PACT TWO THE NATION TODAY Loyalty Checks on Government E mpfayes,Started Two Years Ago, Bring Dismissals for 702 Vlv lsftkMtU.1 M«.rtn..s» * ' "J. Jmmrm , CTAriOw * WASHINGTON, Sept. M. (^—President Truman's program for chteUtif do the loyalty of govenunent workers is two years old Oct. I. Thli U a brief review s of how the program came about and what's happened in these two years. Sefor* I93» the various' L *g«ncles and departments of government decided whether to employ » man on the basis of his ability character. •An old rule of the Civil Service Commission, dating-back to 1884, BLYTHEVTLLE (ARK.) COURIER NEWS blocked questions about religious or political beliefs of a man applying for a civil service job with the government.- 'On Aug. 2, 1939, just one month before World War II started, Congress passed the Hatch act to keep out of government employe any one ; who advocated overthrow of this country 1 * : form of government. 'There were various congressional acts and presidential orders after, along the same line, making an employe's loyalty a direct factor in his holding a government Job. fin 18« the House civil Service Committee finally suggested that a commission—made up of various government department officials— b* ; created to study ways of protecting the government against disloyal employes. .On Nov. 25, 1946 President Truman set up the commission. It made its report to him early in 1917, And on "Mirch 22, 1947 he Issued his order: creating the loyalty check program.. Money waa needed to get it started! Instead of voting the money right away, Congress played around with the idea of passing a law to establish it* own loyalty program. liable Purpose Check ^ It gate up the idea of * program of its -own and at last, in July; 1M7, voted money for the president'* program. The .program got going Oct. I, 1847. It had a double purpose:' ; . 1. To check on anyone, employed by ^the government before Oct. 1 of that yeir, whose loyalty might be in question. 2. To check on anyone looking for a> government Job alter. Oct. 1 if there was any reason to que&- ,tlon his loyalty. . Thii didn't mean the FBI would ' begin'a .full-Male investigation of everyone in »or coming into, the government. .Checks would be made on the record, of /each one to see if there was any doubtful *tu/f on tile about him. .If any.ausplciouft information was found, then the FBI made a full Investigation. ' • And toll could happen: Jones had been in government service but hi* record was clear; Later, aome on« informed the government that Jones' loyalty was questionable. An Investigation could start then. ', In -each department a loyalty board -wai established. If : any investigation disclosed doubtful information about an employe, he was called before the board. K» couM bring his own lawyer and his own witnesses but In almost no ca« would he ever be told who had gi'.en information against him, If the department, board thought he. was disloyay—or thought his loyalty was questionable—It could find him unfit for a government Job. in Employe. Weeded Out In that caae the man could appeal to the head of the government'de- partment. If turned down there, he had one 'final appeal: to a special Loyalty Review Board of 22 men appointed under Mr. Truman's program. If that board considered him unlit, he lost his Job. . >(A number of regional boards were established around the country to deal with persons looking for .work with the government,. (If a man's job application were turned down on loyalty grounds, he could appeal to one of these regional boards. If turned down there, he could appeal to a special Loyalty Heview Board.) That loyalty review board reported ytsterday that, of 332 persons whose loyalty was found questionable by the lower boards, this happened: " _ 102 were found unfit; 70 were found all right by the review board or the department heads and allowed to have their jobs; 12 were sent back to the lower boards for n rehearing; and 148 are now In the process of appealing to their department heads or the loyalty re- viewb card. There are around 2,000,000 federal employes. (Employes of the Atomic Energy Commission and civilian employes of the Army do not come under this loyalty program. The AEC and the army have their own programs for loyalty checking.) More Comfort Wearing FALSE TEETH Here U a way to overcome loose plate discomfort FAS- TEETH, an Improved powder, sprinkled on upper and lower plates holds them firmer so that they reel more comfortable No gummy gooey, pasty taste or feeling It's alkaline inon-acld) Does not soui Checks "plate odor" (denture breath) Gel FASTEm™ today at any drug store.- Soybean Sacks ntw 10 01. FALL SEEDS Alfalfa, Rye, Wheat, Oats &.Vetch •LYTHEVILLE SOYBEAN CORP. 1800 \V.'Main S(. Phone 856 - 857 Young Laundry Worker Held for Blaze or School PORT SMITH, Ark., Sept. 29— (Pi —Police last, night arrested a young laundry worker who said he set fire to a school building to burn up'a nqle he had written. The youih, Hersctiel ManueL 17, was held on an open charge for questioning in starting a fire at the Albert pike Grade School |-<;re last Saturday night. Two rooms of the building were gutted and two firemen were.injured fighting the blaze. Chief of Police Pink Shaw said Manuel told this story: He broke Into the school to find a-pencll and paper. He wanted to write a note to his folks that he was running away. The note was left In the school for someone to find to take to his house. After thinking It over he decided to destroy the note and upon reentering (he school couldn't find the scrap of paper. Manuel then poured kerosene on pile of papers In one of the rooms, struck a match and lefl. Chief Shaw said the youngster told hfm he decided to "just burn the schol down and be sure the note was gone." : Cotton Council Opens Office in New York MEMPHIS, Sept. 29. UP, — The National Cotton Council announced today that'll will open sales promotion offices In New York Oct. 1. The New York otfice -will direct ne wearing apparel and household section of the council's promotion "ogram, Paul M. Jones, council motion manager here, will head the office. His branch will take over promotion functions formerly performed by'the Cotlon Textile Institute. Livestock NATIONAL STOCKYARDS III Sept. 29. (AP)—(USDA)— Hogs 9,000; 5O to 15 lower than Wednesday's average; some late bids olt more; bulk of good and choice 200 260 Ibs 19.50-15; top 1975; odd lots 280-300 Ibs. 18.00-19.25; most 180-190 bs 1S.15-IS.25; 140-170 Ibs 110018.75 ;few head 100-130 Ibs 14.00-16.75; mostly 14.50 up good sows 400 Ibs down 17.00-18^5; heavier weights 5.00-16.75; slugs 12.00-14.50. Cattle 3,000; calves 1.500; dull on all classes despite relatlbcly light supply; nothing done early on steers; small killers Inking a few medium to good lightweight butcher yearlings at 19.00-24.00; cows vir- ually at standstill; bulls opening steady; medium and good 15.50-17.25; cutter and common 13.00-15.00; vestlers 1.00 higher; top 33.00 but •cry lew available; good and choice 27.00-33.00. Red Cross Crnpter home service 'or the armed forces and their families was begun during the first world war. AT SKA FOR. FIRST-HAND I.OOK-SEE—Secretary of Defense Louis A. Johnston (center) is flanked by lilgli military leaders on the deck of Hi" aircraft carrier Franklin D. Roosevelt off Cape Henry, Va., is th top brass went to sea for a first-hand Icok at operations. Left to right are: Gen. Omar N. Bradley,'chairman of Joint chiefs o[ staff; Gen. Hoyt S. Vnndcnbcrff, Air Force chief of staff; JoJhnson;' Adm. Louis E. Dcnfcld, Navy chief of staff, and Gen. J. Lawton Collins, Army chleli of stuff. (AP Wlrephoto). Arkansas Beauty Out To Conquer Washington WASHINGTON. Sept. 29. <>TH- A vivacious Arkansas beauty queen is out to conquer Washington with a charming smile and a pair of sparkling eyes. She apparently is having little trouble In doing Just that. In a matter of minutes yesterday. Miss Beverly ^Luscious) Jones of Wnrrcn. Ark., runnerup In the recent Miss Arkansas contest, sot kissed by Vice President Barkley. met ft handft'l of dignitaries and dazzled the Boston Red Sox baseball team. Barkley planted a kiss on Miss Jones' check ^fter she had presenter! him with a gavel as a tol>n of the city's appreciation for aid received following a tornado Warren last Jan. 3. She had planned to give President Truman a brochure signed by city and county officials. The President left for a two-day visit in Independence, Mo. However, Miss Jones was to call at the White House today to present the gift to some other official. About 37 per cent of U.S. farms now have telephones. HAL BOYLE'S COLUMN Adirondack Guide, 62, Is Convinced Woods Are the Only Place to Live INLET, N.Y. (API—There Isn't a back, I» a legend among Adirondack THURSDAY, SEPTEMBER.29, 1949 better woodsman In all the central Adirondack Mountain* than Gerald Kenwell. "Knows every deer In the hills by Its stomp," tay his rielfhborj. Kenwell Is a c»Hooted man of W with the posture of an Indian and eyes as fresh as Eden. He can still sling a fresh-killed buck deer over his shoulder and tote It milts to the hunting camp he his run for 52 years. The camp is In the center ol a 50-mile stretch of virgin wilcer- ness. Many city-bred people picture a. hunting guide as a bruin-faced, tobacco-chewing Illiterate who never had the common sense to come to town. Gerald do»n't fit Into that portrait at all. He Is a courteous, well-bred, widely read man who stayed in the woods by choice. And he has hia own opinion of people who crowd their lives out In stone cities and never wake up to the smell of balsam. "Nature out you on earth to keep busy." he said, and "you'll keep busy —or pay the penalty." Gerald doesn't have much respect for modern-day guides who go to the forest in automobiles. He likes to yarn about the real oldtlmers, and their endless resourcefulness. Two of his heroes are Fred Ktss —taken away In the prime of his youth at 84—and "French loul«," a liermit-liire Canadian lumberman who schooled Kenwell himself the lore of the woods. in Hess, «n ox-built man who could carry out (wo bucks on his broad Jack Rowtingt Speaks At Kiwanis Luncheon Jack Rawllngs, general chairman! of the loth annual National c.'ott Picking Contest, sponsored by t Blythcvlllc Jui.lor Chamber. > x. He .could use any tool, and once *ktnned a wolf with a safety pin. "Fred was what you would call a determined man," recalled Gerald. "Never would give up. Never would back awa.v from * bear either. Used to go right Into their caves alter them. "One time. Fred caught a benr making a bed of spruce bouglis in the deep snow. Fred was on snow shoe: and didn't have a gun, but he said 'I want that pear.' ' "So he tied his hatchet to a long pole and swung It at the bear, try- lug to bash In Its skull. The bear just grabbed the hatchet and aat, on-It. Then Fred tied his knife to' another pole and crept up and tried to stab the bear to death. The bear finally grabbed this pole, too, Arid I don't know who was madder—him or Fred. He tried to grab Fred, but couldn't catch him In the deep JUIOtV. "Finally Fred snowshocd back to his cabin, grabbed. up a gun and came back and got his bear." In his later years, French Louie Insisted on living alone In the "wilderness, and developed his own brand of economics. He had a garden patch and 100 hens. "I called oh him once and found one end of (he cabin piled with eggs," said Gerald. "When I asked him what he was going to do with them, he said; "'Oh, mix them with a little venison and feed them back to the hern, I guMS,'" eCrald's own father was a pioneer "*° f " Ied .In the mountains and built his own tote road 55 miles to the nearest store. Some young men once asked the elder Kenwell what was the most fearsome noise he had heard Jn Die woods. A bear's growl? A wolf's howl? The cry of a panUier; "Twasn't any of them," allowed the old man. "The wuss noise I ever heard was one winter about the last of February when I woke up and heard my wife scraping. the bottom of (lie flour barrel. "Knew I'd have to snowshoe 55 miles for more ftow." eon meeting at the Hotel Noble and last year's contest was shown by film to the group. • > \ Dr. James Guard showed the film and was narrate'. The contest'thij year will last for two days, ralhe* turn one. The first day will be mostly -parade activities, with' th« contest and dance, taking place-a» Friday. Jewel H. Lolt, manager of thi B - F. Goodrich Store, was Inducted as a new memb:r of the Klwant, by Max Lashbrook, and Arnold filler, an employee o! Sullivan Dene *" S tronsferrecl {rom 'h« Paul Lawrencj of Blylhcville was a guest of t>— club. DANCE Friday Night, Sept. 30 Music by TED FISHER and His Orchestra \ at the TWIN GABLES CLUB 90S No. 6th St. For'Reservations Phone 3984 1 Marriage Liceneses The .allowing couple obtained marriage license at tho office of Miss Elizabeth Blylhc, county "clerk, yesterday: Owen McKay nnrt Miss Lovertn Autry, both of Blytheville. Now She Shops "Cash and Carry" -^Without Painful Backach* "When disorder of kidney/unction permltc Pouonous matter to remhjn in j-our blood it n5*TcausenaKainebackache.rheum»ticp»Ens '«? wtn». lofi of pep »nd enenty, felting \tp JiBMj. twellmit. puffintii undtr the «,<„. fieidachei and dimness. Frequent or scanty p»»!iiK«s with smRrtinjr and burning sometime* shows there U something -wrong with • 0tl '' T>m -, • ur ««» «r owil Flits, a «timu!«nt diuretic, used successfully lr million, for over SO re*r«. Do.n's tl»e hjPPT ie!tef »nd will help th. 16 mile, of t ' h . POiD11S ™ t ' rr<>n ' Uve-Woter Waihing ii a new, exclusive Fiigidaire feature. Rolling current! of hot, sudsy v/afer wash clolhei through and through. No melal parts rob your clothes and rhe> som« Live-Water action Ihol washes clothes cleaner, rinsas rlierti brfghler. Ihe exclusive Rapidry-Spin whifls them drier, some ready for intrant irom'ng. FRIGIDAIRE THi AIL-POKCILAIN AutomaticWashei Not« th»i» other features Put la clothe, and ,»ap, .« th. 4i.l .rH (.re,* J, tl«ani ilj.lf, shurs off Vibr«.l.n-f,.,, no b.1ii n , Come in / See a demonstration ! Adams Appliance Co., Inc. 206-208 West Main I'luinc 21171 MORE than jusl beautiful shoes... Three invisible rhythm Ittads cuibion every itep Widths AAAA-C THE LARGEST MOST COMPLETE SHOE STORE NORTHEAST ARKANSAS SOUTHEAST MISSOURI Black Suede Brown Suede Green Suede SHOES FOR EVERY MEMBER OF THE FAMILY Hrow-n Crushed Kid IJIack Crushed Kid 11.95 FAMILY SHOE STORE 312 West Main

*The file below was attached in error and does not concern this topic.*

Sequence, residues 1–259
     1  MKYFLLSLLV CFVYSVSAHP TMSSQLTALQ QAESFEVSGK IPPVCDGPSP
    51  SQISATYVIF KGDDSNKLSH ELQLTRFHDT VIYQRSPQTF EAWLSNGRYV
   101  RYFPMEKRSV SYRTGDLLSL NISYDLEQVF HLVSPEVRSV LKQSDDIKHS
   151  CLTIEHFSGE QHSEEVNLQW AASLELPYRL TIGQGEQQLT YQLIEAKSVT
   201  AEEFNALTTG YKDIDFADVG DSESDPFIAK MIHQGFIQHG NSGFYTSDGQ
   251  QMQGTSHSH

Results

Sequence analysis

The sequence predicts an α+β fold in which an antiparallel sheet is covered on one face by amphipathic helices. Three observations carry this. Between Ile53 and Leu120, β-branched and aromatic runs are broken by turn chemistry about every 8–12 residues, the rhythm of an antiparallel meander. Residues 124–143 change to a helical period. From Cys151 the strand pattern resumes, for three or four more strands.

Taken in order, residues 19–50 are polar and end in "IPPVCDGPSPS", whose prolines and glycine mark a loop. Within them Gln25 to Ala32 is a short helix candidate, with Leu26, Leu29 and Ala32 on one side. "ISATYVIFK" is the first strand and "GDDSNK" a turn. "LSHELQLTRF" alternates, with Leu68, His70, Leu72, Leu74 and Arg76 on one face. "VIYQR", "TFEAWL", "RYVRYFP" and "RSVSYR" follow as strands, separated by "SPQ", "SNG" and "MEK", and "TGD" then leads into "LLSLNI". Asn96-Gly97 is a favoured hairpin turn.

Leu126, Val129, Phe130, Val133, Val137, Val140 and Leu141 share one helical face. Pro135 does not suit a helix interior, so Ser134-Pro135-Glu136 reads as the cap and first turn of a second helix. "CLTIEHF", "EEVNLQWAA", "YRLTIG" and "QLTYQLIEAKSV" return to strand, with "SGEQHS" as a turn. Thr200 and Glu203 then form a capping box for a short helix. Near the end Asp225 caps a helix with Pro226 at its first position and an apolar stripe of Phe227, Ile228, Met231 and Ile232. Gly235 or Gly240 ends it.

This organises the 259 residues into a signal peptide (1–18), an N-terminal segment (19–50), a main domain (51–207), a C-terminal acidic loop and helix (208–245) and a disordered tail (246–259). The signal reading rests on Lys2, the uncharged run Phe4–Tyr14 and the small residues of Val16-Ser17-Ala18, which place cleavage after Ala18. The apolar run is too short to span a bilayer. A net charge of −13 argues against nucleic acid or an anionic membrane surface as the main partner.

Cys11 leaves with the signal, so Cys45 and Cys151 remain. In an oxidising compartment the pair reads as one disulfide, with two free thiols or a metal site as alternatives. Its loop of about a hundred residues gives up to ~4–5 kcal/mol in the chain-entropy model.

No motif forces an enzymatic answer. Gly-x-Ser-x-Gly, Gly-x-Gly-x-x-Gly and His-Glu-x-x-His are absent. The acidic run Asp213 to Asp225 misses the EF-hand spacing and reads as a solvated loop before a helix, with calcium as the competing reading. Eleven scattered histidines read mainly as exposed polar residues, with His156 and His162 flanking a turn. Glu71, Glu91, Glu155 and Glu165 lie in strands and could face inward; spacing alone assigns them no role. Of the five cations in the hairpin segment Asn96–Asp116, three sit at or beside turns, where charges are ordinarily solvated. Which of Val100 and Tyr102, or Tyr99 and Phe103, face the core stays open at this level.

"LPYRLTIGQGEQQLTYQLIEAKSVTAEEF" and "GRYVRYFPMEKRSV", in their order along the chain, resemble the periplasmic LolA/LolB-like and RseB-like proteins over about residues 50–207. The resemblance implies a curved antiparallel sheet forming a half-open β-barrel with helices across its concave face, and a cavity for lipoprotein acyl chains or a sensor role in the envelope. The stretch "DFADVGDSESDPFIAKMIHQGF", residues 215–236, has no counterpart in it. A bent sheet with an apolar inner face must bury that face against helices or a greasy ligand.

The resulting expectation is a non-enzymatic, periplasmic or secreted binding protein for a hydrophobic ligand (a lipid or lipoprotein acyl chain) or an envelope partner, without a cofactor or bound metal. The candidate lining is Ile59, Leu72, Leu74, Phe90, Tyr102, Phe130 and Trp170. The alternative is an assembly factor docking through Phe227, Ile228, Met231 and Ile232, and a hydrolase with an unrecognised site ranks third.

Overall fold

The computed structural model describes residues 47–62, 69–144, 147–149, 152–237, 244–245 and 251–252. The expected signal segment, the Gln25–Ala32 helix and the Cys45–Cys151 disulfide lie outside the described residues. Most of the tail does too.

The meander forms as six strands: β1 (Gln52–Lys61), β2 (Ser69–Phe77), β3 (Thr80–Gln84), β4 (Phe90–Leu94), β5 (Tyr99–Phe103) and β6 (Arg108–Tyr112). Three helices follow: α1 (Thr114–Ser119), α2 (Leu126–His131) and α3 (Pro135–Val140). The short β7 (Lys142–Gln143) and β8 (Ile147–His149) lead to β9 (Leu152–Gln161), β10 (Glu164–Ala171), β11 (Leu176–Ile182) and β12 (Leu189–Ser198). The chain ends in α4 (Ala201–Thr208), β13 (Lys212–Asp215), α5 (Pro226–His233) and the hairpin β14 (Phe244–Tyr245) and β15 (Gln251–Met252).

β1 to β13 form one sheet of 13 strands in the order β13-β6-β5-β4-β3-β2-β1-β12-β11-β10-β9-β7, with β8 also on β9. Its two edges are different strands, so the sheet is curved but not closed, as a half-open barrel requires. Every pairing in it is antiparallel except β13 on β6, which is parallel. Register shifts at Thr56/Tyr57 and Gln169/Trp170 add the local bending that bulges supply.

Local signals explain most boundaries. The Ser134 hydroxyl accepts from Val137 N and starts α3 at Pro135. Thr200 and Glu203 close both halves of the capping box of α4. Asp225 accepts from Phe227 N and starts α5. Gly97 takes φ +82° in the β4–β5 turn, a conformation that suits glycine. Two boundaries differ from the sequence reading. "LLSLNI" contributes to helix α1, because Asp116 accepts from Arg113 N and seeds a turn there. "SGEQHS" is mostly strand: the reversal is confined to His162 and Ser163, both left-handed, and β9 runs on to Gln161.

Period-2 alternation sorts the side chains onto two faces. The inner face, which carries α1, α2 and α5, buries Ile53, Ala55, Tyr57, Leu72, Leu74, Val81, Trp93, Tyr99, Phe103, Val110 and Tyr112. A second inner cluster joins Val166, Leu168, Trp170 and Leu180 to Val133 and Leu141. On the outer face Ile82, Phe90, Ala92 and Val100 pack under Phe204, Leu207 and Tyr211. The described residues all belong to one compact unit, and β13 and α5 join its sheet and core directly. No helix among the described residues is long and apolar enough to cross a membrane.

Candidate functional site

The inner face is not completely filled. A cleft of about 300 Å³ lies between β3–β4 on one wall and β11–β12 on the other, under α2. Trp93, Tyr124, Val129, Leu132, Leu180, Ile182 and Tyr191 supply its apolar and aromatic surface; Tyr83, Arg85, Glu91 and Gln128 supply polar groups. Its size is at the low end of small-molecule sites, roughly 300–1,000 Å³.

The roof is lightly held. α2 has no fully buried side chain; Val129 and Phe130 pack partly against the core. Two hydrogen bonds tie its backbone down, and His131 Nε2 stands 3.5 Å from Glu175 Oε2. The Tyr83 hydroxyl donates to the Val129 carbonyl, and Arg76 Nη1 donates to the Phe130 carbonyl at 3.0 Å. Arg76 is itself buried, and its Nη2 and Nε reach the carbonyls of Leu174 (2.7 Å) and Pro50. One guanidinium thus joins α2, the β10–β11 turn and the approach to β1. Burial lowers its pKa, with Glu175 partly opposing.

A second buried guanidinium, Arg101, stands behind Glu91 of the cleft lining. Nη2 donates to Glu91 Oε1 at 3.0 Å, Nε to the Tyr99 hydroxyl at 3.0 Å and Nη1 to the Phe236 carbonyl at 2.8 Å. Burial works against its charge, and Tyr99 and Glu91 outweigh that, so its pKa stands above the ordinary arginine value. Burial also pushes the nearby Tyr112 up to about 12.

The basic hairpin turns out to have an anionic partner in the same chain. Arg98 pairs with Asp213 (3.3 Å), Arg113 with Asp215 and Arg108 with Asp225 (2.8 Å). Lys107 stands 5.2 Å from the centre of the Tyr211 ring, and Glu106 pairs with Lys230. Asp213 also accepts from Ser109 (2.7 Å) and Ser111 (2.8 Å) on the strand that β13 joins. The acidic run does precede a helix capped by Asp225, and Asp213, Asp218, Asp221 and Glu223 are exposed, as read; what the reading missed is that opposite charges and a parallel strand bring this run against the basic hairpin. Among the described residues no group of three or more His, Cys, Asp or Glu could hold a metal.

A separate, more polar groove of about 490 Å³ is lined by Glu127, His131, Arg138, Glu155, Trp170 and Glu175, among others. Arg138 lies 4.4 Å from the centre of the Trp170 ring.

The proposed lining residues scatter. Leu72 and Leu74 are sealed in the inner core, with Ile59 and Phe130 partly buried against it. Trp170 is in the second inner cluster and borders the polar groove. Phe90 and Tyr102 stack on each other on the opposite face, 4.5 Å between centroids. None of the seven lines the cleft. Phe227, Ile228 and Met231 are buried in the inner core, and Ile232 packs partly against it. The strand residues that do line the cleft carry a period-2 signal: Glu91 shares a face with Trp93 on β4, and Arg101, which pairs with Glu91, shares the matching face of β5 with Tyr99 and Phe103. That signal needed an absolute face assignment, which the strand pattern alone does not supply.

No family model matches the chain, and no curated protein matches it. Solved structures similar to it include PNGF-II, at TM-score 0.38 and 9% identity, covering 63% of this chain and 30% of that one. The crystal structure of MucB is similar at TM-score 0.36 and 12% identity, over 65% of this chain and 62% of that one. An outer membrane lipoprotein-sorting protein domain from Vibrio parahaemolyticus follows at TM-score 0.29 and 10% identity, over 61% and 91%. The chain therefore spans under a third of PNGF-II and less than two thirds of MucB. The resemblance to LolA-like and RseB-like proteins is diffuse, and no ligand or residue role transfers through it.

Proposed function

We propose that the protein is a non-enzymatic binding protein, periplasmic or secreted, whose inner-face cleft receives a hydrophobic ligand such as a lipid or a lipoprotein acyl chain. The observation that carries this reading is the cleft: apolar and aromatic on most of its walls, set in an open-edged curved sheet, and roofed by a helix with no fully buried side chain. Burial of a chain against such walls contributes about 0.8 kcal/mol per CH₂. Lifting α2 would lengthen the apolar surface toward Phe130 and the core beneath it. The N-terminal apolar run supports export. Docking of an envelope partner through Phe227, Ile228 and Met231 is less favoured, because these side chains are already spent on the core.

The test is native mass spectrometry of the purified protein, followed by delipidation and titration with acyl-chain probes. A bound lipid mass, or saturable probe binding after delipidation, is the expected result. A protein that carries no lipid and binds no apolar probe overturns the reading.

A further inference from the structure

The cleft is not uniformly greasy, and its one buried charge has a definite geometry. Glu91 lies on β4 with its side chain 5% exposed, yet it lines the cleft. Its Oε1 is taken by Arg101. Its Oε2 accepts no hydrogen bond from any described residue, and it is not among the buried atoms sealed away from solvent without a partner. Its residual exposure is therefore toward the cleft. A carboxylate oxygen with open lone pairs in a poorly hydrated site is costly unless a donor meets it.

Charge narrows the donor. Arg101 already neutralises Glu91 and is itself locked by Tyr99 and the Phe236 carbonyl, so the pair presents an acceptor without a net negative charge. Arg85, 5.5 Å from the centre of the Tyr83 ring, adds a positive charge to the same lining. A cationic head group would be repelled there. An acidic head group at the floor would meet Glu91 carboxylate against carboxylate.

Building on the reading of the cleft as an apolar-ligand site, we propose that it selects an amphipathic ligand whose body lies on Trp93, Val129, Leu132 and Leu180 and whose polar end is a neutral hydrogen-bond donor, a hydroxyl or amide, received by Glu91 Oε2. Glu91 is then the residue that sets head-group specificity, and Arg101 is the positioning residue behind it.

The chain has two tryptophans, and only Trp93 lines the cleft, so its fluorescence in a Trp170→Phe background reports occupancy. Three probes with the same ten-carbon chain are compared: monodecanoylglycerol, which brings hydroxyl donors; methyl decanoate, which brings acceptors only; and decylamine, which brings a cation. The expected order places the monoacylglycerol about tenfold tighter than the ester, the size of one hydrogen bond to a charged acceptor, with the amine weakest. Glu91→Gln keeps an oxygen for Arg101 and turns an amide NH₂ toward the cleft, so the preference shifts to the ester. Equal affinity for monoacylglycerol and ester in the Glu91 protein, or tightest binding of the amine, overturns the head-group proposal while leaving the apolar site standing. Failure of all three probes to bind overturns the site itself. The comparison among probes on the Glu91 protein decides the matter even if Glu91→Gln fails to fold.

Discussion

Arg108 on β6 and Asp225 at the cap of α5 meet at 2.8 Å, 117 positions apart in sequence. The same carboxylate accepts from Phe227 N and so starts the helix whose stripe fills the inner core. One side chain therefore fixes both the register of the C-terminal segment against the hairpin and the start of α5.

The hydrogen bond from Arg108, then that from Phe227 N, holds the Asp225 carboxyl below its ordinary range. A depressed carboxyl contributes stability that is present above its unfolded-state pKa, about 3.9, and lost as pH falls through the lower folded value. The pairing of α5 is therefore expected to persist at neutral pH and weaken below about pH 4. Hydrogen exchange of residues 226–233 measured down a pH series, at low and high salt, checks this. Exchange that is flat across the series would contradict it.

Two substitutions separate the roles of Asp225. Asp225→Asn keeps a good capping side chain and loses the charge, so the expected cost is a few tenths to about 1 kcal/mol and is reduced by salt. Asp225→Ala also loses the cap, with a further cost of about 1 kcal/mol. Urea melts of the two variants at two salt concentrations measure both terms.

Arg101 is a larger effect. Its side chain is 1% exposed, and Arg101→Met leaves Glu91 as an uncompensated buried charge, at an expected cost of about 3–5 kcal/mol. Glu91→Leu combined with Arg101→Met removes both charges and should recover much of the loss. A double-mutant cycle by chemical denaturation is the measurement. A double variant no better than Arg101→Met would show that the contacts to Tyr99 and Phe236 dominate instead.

Get full access with a Free Trial

Start Free Trial

What members have found on this page